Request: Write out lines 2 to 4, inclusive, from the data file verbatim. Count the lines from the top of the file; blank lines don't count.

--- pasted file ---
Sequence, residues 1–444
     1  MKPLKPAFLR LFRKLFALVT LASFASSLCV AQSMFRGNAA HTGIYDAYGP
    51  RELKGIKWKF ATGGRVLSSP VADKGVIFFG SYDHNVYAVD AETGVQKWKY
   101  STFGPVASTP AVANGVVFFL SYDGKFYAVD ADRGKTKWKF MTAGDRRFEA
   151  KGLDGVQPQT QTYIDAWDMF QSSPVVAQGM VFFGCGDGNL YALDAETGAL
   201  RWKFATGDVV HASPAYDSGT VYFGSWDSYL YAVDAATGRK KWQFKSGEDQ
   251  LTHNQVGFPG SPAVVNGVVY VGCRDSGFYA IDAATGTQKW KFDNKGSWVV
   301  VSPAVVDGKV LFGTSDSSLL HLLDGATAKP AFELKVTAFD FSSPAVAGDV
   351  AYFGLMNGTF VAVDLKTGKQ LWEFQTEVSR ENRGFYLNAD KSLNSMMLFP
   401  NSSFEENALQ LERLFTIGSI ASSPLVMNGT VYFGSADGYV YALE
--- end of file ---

     1  MKPLKPAFLR LFRKLFALVT LASFASSLCV AQSMFRGNAA HTGIYDAYGP
    51  RELKGIKWKF ATGGRVLSSP VADKGVIFFG SYDHNVYAVD AETGVQKWKY
   101  STFGPVASTP AVANGVVFFL SYDGKFYAVD ADRGKTKWKF MTAGDRRFEA